Featured events

7-9 September 2012
Brussels Games

Brussels Gay Sports will offer a weekend of fun and fairplay in the capital of Europe, with volleyball, swimming, badminton, and tennis, as well as fitness and hiking.

Learn more HERE.
26-28 October 2012
Bern, Switzerland

The success of the first edition of the QueergamesBern proved the need for an LGBT multisport event in Switzerland. This year will be even bigger, with badminton, bowling, running, walking, floorball.

Learn more HERE.
17-20 January 2013
Sin City Shootout
Las Vegas
The 7th Sin City Shootout will feature softball, ice hockey, tennis, wrestling, basketball, dodgeball, bodybuilding and basketball.

Learn more HERE.

13-16 June 2013
IGLFA Euro Cup
After this year's edition in Budapest at the EuroGames, the IGLFA Euro Cup heads to Dublin for 2013, hosted by the Dublin Devils and the Dublin Phoenix Tigers.

Learn more HERE.

Tuesday, October 19, 2010

Huge response for "It Gets Better" project

The FGG and Our Group are encouraging our members and friends to contribute to the "It Gets Better" project. Read more on this appeal HERE, and make sure to let us know if you post by writing to itgetsbetter@gaygames.org. 

Visit our "It Gets Better" page HERE.

Here's some news on the project from the New York Times:

Dan Savage, a syndicated columnist, started the project.

Homophobia was rampant. Bullies were “pretty relentless,” he says, recalling that on his first day there, a girl walked up to him and asked, “Are you a faggot? No offense.” Eventually his parents pulled him out of the school.

Looking directly at the camera, Mr. Stowell, now 22, then says three words that he wants isolated gay, lesbian and transgender teenagers to hear: “It got better.”

Thousands of people like Mr. Stowell have posted personal testimonies to YouTube in an online campaign titled “It Gets Better” that has, in Internet parlance, “gone viral” in the four weeks since it started. The campaign is intended to help gay teenagers who feel isolated and who may be contemplating suicide, and it coincides with a rash of recent news stories about bullying and the suicides of gay teenagers and young adults.

The highly personal videos have caused some teenagers to ask for help. Mr. Stowell now spends hours each day replying to messages from viewers.

“Growing up, I never had someone to confide in,” he said. Now these teenagers do. “I can’t even articulate how much this has ended up meaning to me,” he said.

Mr. Stowell says he has received 23 e-mails from teenagers who said they had felt suicidal. He has referred them to the Trevor Project, a toll-free telephone line and online chat site for gay youths at risk. The YouTube channel for “It Gets Better” is the third largest source of traffic to the Trevor Project, and there has been a “great increase” in calls in the last month, a spokeswoman for the project said.

The videos are “a new way of using the technology at hand to save lives,” said Stephen Sprinkle, a professor at Brite Divinity School in Fort Worth, who posted a video to YouTube about the loneliness he felt before identifying as gay.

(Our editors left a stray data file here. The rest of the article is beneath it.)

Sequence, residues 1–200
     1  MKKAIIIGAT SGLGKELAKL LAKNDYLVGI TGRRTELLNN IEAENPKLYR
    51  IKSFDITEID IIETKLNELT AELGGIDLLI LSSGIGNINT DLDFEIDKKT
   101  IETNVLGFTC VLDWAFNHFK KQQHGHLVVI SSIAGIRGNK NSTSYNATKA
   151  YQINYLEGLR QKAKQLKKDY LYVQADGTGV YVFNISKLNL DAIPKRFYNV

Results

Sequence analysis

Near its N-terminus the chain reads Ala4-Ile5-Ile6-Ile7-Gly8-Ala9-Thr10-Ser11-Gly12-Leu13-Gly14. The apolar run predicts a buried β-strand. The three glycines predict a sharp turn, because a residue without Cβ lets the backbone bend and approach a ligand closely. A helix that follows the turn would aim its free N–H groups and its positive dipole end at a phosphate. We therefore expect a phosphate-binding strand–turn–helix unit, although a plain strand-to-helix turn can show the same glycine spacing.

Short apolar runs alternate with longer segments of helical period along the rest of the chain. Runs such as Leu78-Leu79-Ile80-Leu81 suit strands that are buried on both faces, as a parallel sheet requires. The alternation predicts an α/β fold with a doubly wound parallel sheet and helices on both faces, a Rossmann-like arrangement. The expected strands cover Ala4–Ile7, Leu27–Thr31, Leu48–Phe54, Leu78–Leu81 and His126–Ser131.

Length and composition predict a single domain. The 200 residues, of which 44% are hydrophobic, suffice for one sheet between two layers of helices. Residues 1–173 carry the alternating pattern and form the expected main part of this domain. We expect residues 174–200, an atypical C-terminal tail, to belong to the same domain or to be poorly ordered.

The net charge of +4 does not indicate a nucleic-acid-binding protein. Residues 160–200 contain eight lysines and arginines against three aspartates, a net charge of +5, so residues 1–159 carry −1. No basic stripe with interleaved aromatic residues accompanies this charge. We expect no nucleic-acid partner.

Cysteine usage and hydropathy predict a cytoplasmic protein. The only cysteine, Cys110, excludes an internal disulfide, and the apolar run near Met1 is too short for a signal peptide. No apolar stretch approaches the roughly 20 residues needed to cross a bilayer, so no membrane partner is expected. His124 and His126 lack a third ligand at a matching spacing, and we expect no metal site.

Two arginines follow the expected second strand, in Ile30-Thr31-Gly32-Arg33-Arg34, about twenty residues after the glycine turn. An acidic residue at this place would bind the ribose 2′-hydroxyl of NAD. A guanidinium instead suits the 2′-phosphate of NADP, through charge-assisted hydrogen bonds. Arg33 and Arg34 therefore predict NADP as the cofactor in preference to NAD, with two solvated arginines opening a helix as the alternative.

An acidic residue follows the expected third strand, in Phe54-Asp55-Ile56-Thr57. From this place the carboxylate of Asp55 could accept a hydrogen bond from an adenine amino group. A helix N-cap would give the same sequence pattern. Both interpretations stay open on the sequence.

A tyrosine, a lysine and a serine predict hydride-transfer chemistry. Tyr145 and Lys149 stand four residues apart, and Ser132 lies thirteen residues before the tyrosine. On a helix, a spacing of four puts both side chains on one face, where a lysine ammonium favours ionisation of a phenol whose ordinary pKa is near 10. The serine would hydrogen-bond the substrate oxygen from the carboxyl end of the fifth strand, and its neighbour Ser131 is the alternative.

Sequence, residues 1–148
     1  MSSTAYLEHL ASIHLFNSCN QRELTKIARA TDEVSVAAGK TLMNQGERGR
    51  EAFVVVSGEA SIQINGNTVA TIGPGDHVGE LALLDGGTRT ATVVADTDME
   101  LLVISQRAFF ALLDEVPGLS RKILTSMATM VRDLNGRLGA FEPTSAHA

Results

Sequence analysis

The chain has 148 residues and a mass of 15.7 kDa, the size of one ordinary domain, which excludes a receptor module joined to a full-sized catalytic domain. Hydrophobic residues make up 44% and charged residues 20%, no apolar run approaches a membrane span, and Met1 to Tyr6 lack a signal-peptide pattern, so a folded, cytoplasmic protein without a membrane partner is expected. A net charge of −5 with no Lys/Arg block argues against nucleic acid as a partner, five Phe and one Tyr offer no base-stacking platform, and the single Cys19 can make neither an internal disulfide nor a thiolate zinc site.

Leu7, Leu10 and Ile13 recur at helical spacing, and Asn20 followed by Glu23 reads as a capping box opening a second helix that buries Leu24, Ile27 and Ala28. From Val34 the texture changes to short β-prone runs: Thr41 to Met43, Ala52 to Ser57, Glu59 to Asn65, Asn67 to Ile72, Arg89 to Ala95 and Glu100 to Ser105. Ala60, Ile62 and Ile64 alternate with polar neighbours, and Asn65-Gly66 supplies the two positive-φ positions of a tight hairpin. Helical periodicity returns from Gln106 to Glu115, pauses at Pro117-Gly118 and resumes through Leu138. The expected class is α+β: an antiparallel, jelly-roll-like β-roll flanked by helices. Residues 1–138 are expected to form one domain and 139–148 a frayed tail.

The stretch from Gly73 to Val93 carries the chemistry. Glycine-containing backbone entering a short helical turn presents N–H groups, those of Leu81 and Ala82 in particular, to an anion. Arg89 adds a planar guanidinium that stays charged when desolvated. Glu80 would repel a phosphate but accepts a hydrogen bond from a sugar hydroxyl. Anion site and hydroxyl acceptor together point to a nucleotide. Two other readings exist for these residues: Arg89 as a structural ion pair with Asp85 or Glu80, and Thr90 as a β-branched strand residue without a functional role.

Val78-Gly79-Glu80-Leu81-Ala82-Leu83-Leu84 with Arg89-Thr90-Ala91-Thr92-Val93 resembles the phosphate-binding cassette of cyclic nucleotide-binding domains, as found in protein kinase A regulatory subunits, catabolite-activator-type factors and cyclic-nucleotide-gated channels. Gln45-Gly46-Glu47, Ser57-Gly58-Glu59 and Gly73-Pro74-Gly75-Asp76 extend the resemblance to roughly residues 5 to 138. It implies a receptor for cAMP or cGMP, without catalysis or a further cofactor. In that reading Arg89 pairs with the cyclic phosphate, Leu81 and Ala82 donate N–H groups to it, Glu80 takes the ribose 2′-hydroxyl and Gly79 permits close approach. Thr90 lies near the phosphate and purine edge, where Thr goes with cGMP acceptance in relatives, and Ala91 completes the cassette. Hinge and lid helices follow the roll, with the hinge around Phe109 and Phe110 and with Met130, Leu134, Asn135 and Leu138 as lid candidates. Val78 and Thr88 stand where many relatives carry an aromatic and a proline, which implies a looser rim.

Some say the videos also represent an important moment for the gay rights movement. The sharing of coming-out stories has long been a tool of solidarity among gays as “a way to say that we understand each other because we had to come out under fire or because we struggled with it,” Mr. Sprinkle said.

The “It Gets Better” videos are different, he said, because they are both more public and more positive. “We’re able to look back on our stories and say, it really has gotten better,” he said.

Dan Savage, the sex columnist who started the project, concurred, saying in an interview that the videos were “helping gay adults realize that it’s gotten better for us,” but that “for teens, it’s been getting worse out in the boonies, in the exurbs.”

The “It Gets Better” idea came to Mr. Savage, 46, while he was riding the AirTrain shuttle to Kennedy International Airport last month and thinking about Billy Lucas, a 15-year-old from Indiana who committed suicide Sept. 9. The local news media reported that Mr. Lucas was bullied regularly.

Days earlier, Mr. Savage had blogged about the suicide, and a reader had written: “My heart breaks for the pain and torment you went through, Billy Lucas. I wish I could have told you that things get better.”

Mr. Savage said he felt the same way. But how to tell them? He gives talks at colleges regularly, but not at middle schools or high schools. “I would never get permission,” he said, blaming a system of “parents, preachers and teachers” who “believe they can terrorize gay children out of being gay as they grow up.”

His realization was this: “I was waiting for permission that — in the era of YouTube, Twitter, Facebook — I didn’t need anymore.”

Mr. Savage and his husband put the YouTube page online on Sept. 21, and he promoted it in his syndicated column. The column quoted the politician Harvey Milk: “You gotta give ’em hope.”

For Mr. Savage, the responses have been “really overwhelming” — far too many for one person to watch. He is now preparing a permanent home for the videos.

Most are by ordinary people. Some are by celebrities, like Tim Gunn, a mentor on the hit show “Project Runway,” who revealed in his video that he tried to kill himself at 17.

The most popular video features Joel Burns, a Fort Worth city councilman, who read his testimony at a Council meeting. Choking back tears, he recalled being roughed up one day in high school by older children who told him that “I should die and go to hell where I belonged.”

Mr. Burns’s message to gay teenagers was succinct: “The attitudes of society will change. Please live long enough to be here to see it.”

Read in full HERE.

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